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McConnell wants to wrap up immigration debate this week

Senate Majority Leader Mitch McConnellAddison (Mitch) Mitchell McConnellOn The Money: Power players play chess match on COVID-19 aid | Pelosi bullish, Trump tempers optimism | Analysis: Nearly 1M have run out of jobless benefits Trump casts doubt on hopes for quick stimulus deal after aides expressed optimism Power players play chess match on COVID-19 aid MORE (R-Ky.) is signaling he will move to wrap up the Senate's immigration bill this week, warning senators against slow-walking the debate.

"Senators have had plenty of time to prepare. There's no reason why we should not reach a bipartisan solution this week," McConnell said from the Senate floor.

He added that he made a commitment to hold an immigration debate "this week."

"I've lived up to my commitment. I hope everyone will cooperate so this opportunity does not go to waste," he said.

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McConnell's comments are the clearest indication yet that the GOP leader does not intend to let the immigration fight linger over the upcoming weeklong Presidents Day recess.

In a deal to end the three-day government shutdown in January, McConnell promised to turn to the immigration debate after Feb. 8. His public remarks did not include a time limit for how long he would keep a bill on the floor.

The push to wrap up the debate this week comes as senators are struggling to find an immigration proposal that could win the 60 votes needed to overcome a likely filibuster.

Republican senators had predicted that the Senate's free-wheeling debate could last weeks. But Sen. John CornynJohn CornynThe Hill's Campaign Report: Obama to hit the campaign trail l Biden's eye-popping cash advantage l New battleground polls favor Biden Quinnipiac poll finds Biden, Trump tied in Texas Biden endorses Texas Democratic House candidate Julie Oliver MORE (R-Texas) appeared to pivot on Monday evening, saying senators had until Thursday.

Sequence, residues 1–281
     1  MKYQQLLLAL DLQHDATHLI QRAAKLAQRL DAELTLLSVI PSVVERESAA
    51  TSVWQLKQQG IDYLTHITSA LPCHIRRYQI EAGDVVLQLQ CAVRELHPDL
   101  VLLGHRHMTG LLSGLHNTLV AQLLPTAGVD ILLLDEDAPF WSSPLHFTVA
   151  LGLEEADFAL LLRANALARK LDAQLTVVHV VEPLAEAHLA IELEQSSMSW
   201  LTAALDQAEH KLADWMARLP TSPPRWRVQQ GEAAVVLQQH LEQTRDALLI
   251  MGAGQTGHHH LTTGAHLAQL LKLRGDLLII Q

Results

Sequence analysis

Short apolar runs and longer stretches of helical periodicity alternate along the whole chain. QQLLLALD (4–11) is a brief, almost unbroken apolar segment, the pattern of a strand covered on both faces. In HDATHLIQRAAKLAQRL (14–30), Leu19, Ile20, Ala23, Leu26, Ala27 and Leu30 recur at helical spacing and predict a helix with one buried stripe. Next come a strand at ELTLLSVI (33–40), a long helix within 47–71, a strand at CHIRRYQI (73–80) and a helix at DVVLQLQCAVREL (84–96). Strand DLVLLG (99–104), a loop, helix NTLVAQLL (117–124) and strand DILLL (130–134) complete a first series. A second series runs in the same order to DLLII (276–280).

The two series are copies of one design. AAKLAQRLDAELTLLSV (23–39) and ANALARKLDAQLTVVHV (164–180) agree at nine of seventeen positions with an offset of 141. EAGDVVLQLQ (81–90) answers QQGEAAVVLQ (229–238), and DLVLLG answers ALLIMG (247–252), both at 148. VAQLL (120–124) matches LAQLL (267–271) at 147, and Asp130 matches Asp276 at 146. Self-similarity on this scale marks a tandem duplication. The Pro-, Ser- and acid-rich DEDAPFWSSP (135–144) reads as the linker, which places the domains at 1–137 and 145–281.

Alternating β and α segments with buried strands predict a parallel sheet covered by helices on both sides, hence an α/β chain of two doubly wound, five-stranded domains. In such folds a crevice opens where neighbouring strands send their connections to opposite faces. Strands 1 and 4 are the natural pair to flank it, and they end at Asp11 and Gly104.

Responding to a top staffer for Sen. Dick DurbinRichard (Dick) Joseph DurbinThe Hill's Morning Report - Sponsored by Goldman Sachs - Pelosi, Mnuchin push stimulus talks forward, McConnell applies brakes Schumer says he had 'serious talk' with Feinstein, declines to comment on Judiciary role Durbin signals he isn't interested in chairing Judiciary Committee MORE (D-Ill.) on Tuesday, Cornyn noted the agreement only included a start date and a "fair an [sic] open process."

"Delivered as promised. Clock is ticking so I am anxious to see D counteroffer to POTUS’s proposal that can become law. None so far," Cornyn said in a tweet.

With the Senate expected to be out of town next week, debating the issue for two weeks could have pushed the chamber's final vote up against the initial March 5 deadline to find a fix for the Deferred Action for Childhood Arrivals (DACA) program.

McConnell is backing a GOP plan, spearheaded by Sen. Chuck GrassleyCharles (Chuck) Ernest GrassleyOn The Money: Power players play chess match on COVID-19 aid | Pelosi bullish, Trump tempers optimism | Analysis: Nearly 1M have run out of jobless benefits Grassley: Voters should be skeptical of Biden's pledge to not raise middle class taxes GOP to Trump: Focus on policy MORE (R-Iowa), that largely mirrors the White House's proposed framework.

Updated at 11:06 a.m.